Reddit AMAs, or "Ask Me Anything", are arguably one of the best parts of the Reddit experience.
Acting like an interview between the community and famous personalities (Barack Obama, Elon Musk, etc) or the regular Redditor with a not-so regular job, AMAs are often treasure chests full of interesting questions and even more interesting answers.
While /r/singapore has been relatively quiet on the AMA front, two threads that popped up recently have caught our attention. (There's also another excellent one started by a chef in a Chinese restaurant).
Started by a cai png (economic rice) and fruits seller - both of whom are young and helping out in their family businesses, the threads helped to shed light on businesses that are, in spite of being extremely commonplace, are usually shrouded in mystery.
"I TELL THEM TO GTFO NICELY"
From questions we always wanted to know like "Do you scoop more (cai png dishes) for some customers?" and "Auntie got poke the fruits until you cannot sell or not", the threads were chockfull of insights.
But apart from the ones covering various aspects of their daily operations, there were also some sobering questions about the competition these more traditional stores are facing from supermarkets and more 'hip' establishments.
To note, the cai png thread starter revealed that he's just helping out his parents to run the business.
When asked if he would take over the business, he replied: "Nah, too much work. Cai Png is a life skill that you use when you're out of options."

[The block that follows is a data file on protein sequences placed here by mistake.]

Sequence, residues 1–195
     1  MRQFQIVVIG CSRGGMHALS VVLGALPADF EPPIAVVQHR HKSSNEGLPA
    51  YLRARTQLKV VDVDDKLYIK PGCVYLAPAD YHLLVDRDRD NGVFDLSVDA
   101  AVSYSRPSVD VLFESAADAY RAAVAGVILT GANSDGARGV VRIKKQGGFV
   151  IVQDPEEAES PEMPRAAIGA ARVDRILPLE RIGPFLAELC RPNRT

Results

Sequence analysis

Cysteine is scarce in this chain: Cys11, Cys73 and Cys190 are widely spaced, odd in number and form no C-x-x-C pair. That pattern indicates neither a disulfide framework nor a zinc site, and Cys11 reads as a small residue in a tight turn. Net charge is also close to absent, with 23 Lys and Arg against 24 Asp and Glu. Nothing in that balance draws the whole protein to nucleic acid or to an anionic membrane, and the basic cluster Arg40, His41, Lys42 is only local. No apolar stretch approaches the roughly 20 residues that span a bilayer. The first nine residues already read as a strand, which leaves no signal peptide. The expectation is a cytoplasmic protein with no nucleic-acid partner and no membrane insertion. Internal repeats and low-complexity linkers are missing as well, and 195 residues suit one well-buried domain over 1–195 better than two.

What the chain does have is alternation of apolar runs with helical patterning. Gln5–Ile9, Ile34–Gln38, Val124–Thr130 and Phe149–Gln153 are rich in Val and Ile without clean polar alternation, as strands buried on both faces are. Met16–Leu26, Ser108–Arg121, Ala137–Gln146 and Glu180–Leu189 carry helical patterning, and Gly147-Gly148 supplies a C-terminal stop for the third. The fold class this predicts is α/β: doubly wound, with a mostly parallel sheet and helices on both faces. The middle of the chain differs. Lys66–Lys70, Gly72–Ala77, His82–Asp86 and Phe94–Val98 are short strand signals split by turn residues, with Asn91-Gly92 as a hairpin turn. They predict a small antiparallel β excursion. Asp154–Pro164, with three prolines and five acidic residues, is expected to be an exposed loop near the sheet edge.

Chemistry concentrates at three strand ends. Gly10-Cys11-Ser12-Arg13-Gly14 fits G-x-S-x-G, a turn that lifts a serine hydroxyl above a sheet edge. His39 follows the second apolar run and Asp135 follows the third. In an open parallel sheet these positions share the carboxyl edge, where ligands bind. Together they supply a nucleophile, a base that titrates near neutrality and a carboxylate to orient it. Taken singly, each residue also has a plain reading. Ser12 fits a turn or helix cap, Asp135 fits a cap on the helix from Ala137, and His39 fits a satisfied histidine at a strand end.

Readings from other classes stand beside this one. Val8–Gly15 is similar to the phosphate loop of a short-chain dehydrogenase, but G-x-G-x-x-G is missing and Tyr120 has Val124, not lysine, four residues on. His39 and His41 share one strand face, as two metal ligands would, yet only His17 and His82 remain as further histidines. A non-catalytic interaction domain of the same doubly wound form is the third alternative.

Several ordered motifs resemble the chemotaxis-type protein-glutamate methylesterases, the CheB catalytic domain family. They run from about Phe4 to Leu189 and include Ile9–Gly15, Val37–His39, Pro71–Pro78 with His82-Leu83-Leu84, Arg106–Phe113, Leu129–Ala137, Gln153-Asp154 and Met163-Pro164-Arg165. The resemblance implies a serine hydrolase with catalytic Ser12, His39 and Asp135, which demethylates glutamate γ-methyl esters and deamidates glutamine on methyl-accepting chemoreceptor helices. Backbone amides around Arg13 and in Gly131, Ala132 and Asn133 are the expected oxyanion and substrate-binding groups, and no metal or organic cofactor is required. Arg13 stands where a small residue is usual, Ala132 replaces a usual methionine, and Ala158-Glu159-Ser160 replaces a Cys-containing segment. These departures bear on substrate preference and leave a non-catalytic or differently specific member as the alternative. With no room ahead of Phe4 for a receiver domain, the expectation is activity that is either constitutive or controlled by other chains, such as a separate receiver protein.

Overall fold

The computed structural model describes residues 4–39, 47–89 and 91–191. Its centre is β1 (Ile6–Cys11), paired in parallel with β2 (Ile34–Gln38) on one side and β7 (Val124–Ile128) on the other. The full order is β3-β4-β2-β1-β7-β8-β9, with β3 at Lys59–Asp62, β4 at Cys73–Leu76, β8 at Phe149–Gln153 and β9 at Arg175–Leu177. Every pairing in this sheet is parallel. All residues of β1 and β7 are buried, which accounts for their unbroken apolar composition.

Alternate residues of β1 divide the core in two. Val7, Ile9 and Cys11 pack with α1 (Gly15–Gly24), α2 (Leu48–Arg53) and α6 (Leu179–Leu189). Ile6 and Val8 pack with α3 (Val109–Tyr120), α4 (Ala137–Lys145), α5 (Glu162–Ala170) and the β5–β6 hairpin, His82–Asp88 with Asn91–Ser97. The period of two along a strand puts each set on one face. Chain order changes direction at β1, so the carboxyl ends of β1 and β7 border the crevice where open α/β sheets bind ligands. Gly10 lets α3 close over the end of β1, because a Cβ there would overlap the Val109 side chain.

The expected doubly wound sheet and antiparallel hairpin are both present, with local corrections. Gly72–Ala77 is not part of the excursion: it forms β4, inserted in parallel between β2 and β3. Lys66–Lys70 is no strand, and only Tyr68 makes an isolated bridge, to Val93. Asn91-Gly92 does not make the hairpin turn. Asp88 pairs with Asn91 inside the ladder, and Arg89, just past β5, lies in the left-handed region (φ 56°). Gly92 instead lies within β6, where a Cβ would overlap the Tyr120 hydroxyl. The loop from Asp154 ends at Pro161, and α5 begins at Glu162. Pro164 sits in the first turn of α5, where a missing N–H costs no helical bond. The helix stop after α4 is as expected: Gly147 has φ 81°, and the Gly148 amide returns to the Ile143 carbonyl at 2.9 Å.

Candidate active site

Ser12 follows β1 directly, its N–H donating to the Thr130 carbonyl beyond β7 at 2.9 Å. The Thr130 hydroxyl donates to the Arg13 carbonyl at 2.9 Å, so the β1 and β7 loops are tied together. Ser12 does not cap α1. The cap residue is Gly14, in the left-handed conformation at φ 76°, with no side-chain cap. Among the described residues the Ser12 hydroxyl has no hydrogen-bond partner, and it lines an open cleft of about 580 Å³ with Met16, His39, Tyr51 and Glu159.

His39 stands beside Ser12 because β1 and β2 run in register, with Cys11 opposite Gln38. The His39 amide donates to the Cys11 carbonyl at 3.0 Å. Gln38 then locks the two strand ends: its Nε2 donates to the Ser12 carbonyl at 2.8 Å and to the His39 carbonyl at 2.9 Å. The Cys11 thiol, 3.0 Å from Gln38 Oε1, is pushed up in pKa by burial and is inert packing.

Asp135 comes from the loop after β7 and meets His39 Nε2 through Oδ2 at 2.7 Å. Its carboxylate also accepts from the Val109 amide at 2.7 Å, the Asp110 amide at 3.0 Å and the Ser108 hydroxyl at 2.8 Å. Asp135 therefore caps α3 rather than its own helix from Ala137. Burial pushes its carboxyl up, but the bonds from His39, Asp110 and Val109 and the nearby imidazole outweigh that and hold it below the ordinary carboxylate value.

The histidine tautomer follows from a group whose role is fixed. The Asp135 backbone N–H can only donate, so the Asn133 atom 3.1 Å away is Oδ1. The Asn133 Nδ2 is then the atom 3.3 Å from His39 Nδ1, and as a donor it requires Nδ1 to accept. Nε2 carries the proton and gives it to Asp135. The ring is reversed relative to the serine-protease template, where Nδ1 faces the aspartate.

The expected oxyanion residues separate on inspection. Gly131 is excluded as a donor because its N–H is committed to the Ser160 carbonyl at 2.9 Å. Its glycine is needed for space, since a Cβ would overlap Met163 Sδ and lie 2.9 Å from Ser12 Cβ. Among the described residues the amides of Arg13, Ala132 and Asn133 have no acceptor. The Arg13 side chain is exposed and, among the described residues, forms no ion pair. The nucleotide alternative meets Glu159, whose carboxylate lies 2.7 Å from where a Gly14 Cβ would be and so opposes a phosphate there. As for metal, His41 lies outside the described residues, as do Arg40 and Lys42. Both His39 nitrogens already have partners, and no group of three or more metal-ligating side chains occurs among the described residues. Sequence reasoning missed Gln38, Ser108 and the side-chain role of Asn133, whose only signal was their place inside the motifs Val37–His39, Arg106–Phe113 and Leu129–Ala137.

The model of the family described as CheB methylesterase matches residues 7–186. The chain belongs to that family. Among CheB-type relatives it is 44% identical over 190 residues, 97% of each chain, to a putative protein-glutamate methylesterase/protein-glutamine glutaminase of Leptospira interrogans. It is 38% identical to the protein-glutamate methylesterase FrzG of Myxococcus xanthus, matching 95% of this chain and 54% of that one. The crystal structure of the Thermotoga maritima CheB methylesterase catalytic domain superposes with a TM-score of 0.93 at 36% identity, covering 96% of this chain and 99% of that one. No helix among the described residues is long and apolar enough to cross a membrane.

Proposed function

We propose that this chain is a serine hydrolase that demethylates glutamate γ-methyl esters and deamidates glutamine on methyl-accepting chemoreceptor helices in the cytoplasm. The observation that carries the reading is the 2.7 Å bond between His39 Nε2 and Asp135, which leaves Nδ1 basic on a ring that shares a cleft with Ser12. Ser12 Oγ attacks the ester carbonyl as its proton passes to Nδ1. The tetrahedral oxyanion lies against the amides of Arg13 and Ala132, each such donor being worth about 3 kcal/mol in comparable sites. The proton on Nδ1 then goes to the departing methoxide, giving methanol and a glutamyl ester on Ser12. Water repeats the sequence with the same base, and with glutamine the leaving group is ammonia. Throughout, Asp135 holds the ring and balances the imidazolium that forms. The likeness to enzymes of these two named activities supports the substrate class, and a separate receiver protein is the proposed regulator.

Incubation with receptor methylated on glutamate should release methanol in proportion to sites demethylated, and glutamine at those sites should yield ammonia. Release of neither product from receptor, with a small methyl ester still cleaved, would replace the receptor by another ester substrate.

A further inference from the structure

THE NEW GENERATION OF HAWKERS AND SHOP OWNERS
Reminding me of the many 'hawker-preneur' stories that we've covered, I found it refreshing that the younger, tech-savvy generation is using social media and the internet to not just promote their own stores, but to also give a voice to their usually not-so glamourous and publicised trades.
While the more light-hearted questions induced some giggles, the parts (especially from the fruit seller thread) about them remaining competitive in an increasingly challenging landscape were rather poignant to read.
Personally, I'm a huge fan of these new generation hawkers and shop owners revamping more traditional businesses, and I do hope that with more attention and awareness via these channels, more Singaporeans would appreciate the hard work that these individuals are putting into these businesses.
What other Reddit AMAs would you like to see? Let us know!